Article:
POV: Describe the origins of Project 10 East, the gay/straight alliance you helped found at Cambridge Rindge and Latin High School in 1987.
Al Ferreira: In the mid-80s I started a photography program at Cambridge Rindge and Latin High School. And one of my students, who I had taught for four years — he was one of these Renaissance types of young men, he was an athlete, he was a great photographer, just very popular — right after graduation he committed suicide. And a friend of his came to me afterwards and said the reason he committed suicide is that he realized he was gay and he thought he was alone in the high school. And his friend said, 'Well, I tried to convince him that there were other gay and lesbian people among the students and faculty, but I couldn't tell him who they were.' Because at that point nobody was really out. I realized that my silence and my invisibility as an educator who happened to be gay really led to his feeling of isolation and loneliness.
I was so distraught at that that I went to the principal, and I said I have two choices: either I'm going to quit teaching or I'm coming out as a gay man, and I want to provide safe spaces for kids to come to talk about gender identity and sexual orientation. At that point I started talking to some of my students, and a couple of students said that they wanted to meet and just discuss issues of gender identity and sexual orientation. I had heard that Virginia Uribe, who had started Project 10 in Fairfax High School in Los Angeles, was speaking at Harvard University. Virginia was very wonderful, very inspirational. The difference was that her program was a rescue effort to take kids who were transgendered or gay, who had been abused in the school system, to a separate program that was isolated from the mainstream. And I had always been a strong advocate that separate but equal doesn't work. I wanted to hold the institution responsible for the safety and well-being of gay youth. So that's sort of how our group started.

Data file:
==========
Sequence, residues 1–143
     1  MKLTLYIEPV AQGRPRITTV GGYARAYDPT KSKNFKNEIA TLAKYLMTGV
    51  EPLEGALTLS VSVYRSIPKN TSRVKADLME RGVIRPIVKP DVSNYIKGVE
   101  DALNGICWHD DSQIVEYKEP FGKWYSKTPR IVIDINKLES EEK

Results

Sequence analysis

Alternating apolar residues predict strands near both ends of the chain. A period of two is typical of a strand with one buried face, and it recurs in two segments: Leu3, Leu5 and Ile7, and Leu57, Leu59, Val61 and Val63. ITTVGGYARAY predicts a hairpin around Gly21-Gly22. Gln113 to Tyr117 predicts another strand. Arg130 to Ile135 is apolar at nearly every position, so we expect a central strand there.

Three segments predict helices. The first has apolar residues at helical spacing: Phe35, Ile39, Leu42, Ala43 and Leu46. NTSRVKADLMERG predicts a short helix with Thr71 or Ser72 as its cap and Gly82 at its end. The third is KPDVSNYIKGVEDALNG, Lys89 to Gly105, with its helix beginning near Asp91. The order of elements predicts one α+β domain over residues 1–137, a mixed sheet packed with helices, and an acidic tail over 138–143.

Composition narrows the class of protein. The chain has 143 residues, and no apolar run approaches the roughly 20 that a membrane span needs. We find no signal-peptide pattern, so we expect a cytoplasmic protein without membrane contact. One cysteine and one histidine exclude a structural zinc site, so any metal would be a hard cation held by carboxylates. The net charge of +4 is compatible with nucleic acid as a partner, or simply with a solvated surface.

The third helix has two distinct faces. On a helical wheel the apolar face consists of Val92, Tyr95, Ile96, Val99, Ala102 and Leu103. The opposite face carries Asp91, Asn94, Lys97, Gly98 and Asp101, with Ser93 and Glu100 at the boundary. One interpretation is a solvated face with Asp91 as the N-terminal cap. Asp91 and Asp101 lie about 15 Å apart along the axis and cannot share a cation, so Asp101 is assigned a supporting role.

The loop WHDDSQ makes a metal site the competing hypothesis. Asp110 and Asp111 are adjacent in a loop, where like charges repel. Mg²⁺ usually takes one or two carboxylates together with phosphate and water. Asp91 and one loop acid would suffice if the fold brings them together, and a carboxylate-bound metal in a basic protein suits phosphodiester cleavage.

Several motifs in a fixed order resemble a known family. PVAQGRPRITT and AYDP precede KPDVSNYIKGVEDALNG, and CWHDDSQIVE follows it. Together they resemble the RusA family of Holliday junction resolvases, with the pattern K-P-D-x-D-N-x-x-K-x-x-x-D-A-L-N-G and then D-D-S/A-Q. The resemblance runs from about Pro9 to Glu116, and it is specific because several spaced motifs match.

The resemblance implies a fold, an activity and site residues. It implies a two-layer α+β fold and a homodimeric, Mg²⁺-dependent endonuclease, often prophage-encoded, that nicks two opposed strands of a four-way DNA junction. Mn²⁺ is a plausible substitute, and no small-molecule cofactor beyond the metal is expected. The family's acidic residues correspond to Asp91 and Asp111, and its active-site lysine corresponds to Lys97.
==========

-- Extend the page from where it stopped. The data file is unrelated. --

POV: Practically speaking, what did you do first? Did you put up signs, or call for students to come and meet?
Ferreira: The first thing I did — and it's critical for any educator — is I went to the parent organization first. So I went to the parents and said these are my concerns, how can you help me make sure the school is safe for kids? And they were phenomenal. One of them said, you should go to the local clergy association, and ask them for a letter of support. So I went [to the school administration] with a letter of recommendation for the work that I wanted to do from the parents' association and from the local clergy association. I presented that to the principal of the high school, so that he knew I wasn't doing this in isolation.
So we started meeting after school, initially, and things started to grow really quickly. I put up notices around the school about the meetings. It was always an open meeting; I never required anyone to identify themselves, their sexual orientation or their gender identity. It had to be open to all students: gay students, straight students, transgender, transsexual, anything. It didn't matter. It was a place to discuss these issues, and to feel safe about doing it.